Bryan Cranston seems to be having a blast playing Dalton Trumbo, the Hollywood screenwriter who would go on to pen Academy Award winners Roman Holiday and The Brave One, as well as the blockbuster epics Spartacus and Exodus which helped bring him back into the mainstream. Trumbo is a debonair rake of a figure, all checked blazers and shiny cigarette holders, a classic eccentric egotistical archetype from the Hollywood heyday. He necks fine bourbon regularly, and speaks like a character from one of his screenplays, as his typically exasperated colleague and fellow left wing traveller Arlen Hird (a low key but sympathetic Louis CK) acidly observes. Trumbo is a perfectly pleasant guy to spend two hours of film time with, even if the screenplay doesn’t really gift him with a huge amount of complexity. 

The narrative gets the blacklisting and media furore out of the way quickly, leaving much of the running time for Trumbo and Arlen’s attempts to find a way round the blacklist, which they do by ruthlessly exploiting Hollywood’s need for them.  It turns out that is there is one thing Hollywood hates more than a Communist, it is a series of box office flops. Soon Trumbo and a team of out-of-work writers are getting regular work once word gets around the town’s gossip channels, most of the bill-paying work coming from the churn factory known as King Pictures, run by the booming self declare pussy-hound Frank King (John Goodman, seemingly channeling his role from Argo and deploying his skill at roaring out profane one-liners). 

This is where the film is at its most purely enjoyable and sly, as we watch Trumbo and his louche companions hop between studio offices (naturally decked out with gorgeous classic posters) and low-lit smoky bars, artfully exploiting the hypocrisy of tinsel town, bashing out C-grade scripts about giant aliens and outlaws, all while getting through cartons of cigarettes. Roach and the filmmakers clearly love this period too much to make it seem too scary.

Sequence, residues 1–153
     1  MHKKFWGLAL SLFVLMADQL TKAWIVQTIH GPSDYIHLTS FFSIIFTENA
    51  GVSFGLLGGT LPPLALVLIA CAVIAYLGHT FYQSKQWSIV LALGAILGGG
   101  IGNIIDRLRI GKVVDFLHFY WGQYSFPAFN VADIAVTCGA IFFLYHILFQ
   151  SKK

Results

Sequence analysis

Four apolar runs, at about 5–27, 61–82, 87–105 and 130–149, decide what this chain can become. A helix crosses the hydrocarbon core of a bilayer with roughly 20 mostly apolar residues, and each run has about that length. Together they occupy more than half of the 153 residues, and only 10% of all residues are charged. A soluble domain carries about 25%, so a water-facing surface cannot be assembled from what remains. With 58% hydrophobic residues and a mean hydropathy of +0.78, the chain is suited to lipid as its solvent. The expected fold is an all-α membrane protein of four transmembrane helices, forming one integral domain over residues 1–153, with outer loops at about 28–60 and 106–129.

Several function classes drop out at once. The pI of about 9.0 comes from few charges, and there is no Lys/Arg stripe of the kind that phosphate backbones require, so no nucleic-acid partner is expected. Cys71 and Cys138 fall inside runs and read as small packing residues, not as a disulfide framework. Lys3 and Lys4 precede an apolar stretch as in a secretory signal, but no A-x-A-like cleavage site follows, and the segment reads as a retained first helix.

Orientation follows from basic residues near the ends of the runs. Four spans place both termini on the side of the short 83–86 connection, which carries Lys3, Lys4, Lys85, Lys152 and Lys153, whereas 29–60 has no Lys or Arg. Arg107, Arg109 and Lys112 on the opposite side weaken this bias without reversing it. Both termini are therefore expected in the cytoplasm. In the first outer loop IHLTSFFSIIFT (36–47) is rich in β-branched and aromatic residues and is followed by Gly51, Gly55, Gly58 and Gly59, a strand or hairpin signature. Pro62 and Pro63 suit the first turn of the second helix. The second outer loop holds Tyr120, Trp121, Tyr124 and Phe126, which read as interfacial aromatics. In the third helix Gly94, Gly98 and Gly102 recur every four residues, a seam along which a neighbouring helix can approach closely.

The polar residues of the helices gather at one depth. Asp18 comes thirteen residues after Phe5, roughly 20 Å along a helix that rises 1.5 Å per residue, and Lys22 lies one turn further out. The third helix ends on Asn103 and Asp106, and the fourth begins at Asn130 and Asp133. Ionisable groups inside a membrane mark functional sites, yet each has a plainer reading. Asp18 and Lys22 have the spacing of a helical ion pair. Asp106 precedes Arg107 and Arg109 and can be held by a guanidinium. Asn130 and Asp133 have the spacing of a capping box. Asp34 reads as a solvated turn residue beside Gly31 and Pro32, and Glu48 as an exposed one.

It is quite interesting to see the system Trumbo and his team set up to ensure work kept coming through their doors; scripts being delivered in the middle of the night direct to studios via family members, fake names being attached to scripts, or name swaps being arranged with other writers who weren’t box office poison. As a result of Trumbo’s blacklisting, several Academy Awards for writing went unclaimed at the Oscars, a strange occurrence which we see via archive footage. His English writer friend Ian McLellan Hunter (Alan Tudyk, with an odd accent) actually ends up taking home the Oscar for Roman Holiday as he allowed Trumbo to use his name as cover, resulting in the strange situation of him trying to hand it over to an embarrassed Trumbo in a diner. Trumbo did get credit for that film eventually…in 2011.

In moments like this Roach does capture this sense of banality around all the barely secret manoeuvring (Trumbo and his friends are hardly master spies), which is something Trumbo is shown as being entirely aware of. He is counting on the ludicrousness of it all eventually collapsing the blacklist system, although the film does touch upon the contradictory nature of such a plan in that it conveniently synchs with Trumbo’s ambitions for money and glory. This increasingly irks the more firebrand leftie Arlan, who hates having to write anything, even shit, without his name on it and worries that they've lost their way. Michael Stuhlbarg as Edward G Robinson, the Little Caesar actor and friend of Trumbo’s, is also there to remind us of how even those who named names suffered; damned if they did, damned if they didn’t. The film never really slows down to explore these debates about creativity, art and morals though, it is too busy getting to the happy ending and having a chuckle as it does so.